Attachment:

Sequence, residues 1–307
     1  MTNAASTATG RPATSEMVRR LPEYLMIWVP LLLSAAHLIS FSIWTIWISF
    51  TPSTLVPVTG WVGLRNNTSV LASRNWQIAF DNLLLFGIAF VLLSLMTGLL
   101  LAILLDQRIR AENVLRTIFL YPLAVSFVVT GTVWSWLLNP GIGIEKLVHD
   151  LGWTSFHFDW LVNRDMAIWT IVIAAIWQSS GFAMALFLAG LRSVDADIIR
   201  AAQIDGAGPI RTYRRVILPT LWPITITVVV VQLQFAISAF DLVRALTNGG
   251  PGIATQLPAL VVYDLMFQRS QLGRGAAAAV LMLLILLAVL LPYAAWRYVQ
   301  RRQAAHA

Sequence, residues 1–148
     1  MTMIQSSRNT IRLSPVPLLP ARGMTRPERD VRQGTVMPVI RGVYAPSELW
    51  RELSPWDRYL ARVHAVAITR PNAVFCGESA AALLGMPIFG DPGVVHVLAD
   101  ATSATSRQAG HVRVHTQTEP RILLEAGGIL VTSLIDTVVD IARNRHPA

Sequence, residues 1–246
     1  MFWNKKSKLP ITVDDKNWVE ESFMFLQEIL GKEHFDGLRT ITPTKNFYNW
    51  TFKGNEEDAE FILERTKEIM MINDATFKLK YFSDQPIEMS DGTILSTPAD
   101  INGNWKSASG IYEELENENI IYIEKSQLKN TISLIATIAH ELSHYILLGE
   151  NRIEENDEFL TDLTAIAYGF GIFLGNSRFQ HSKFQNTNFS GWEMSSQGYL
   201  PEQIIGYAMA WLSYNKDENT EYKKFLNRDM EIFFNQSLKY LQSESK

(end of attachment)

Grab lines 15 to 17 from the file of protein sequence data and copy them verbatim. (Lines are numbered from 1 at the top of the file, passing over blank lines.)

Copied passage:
    51  TFKGNEEDAE FILERTKEIM MINDATFKLK YFSDQPIEMS DGTILSTPAD
   101  INGNWKSASG IYEELENENI IYIEKSQLKN TISLIATIAH ELSHYILLGE
   151  NRIEENDEFL TDLTAIAYGF GIFLGNSRFQ HSKFQNTNFS GWEMSSQGYL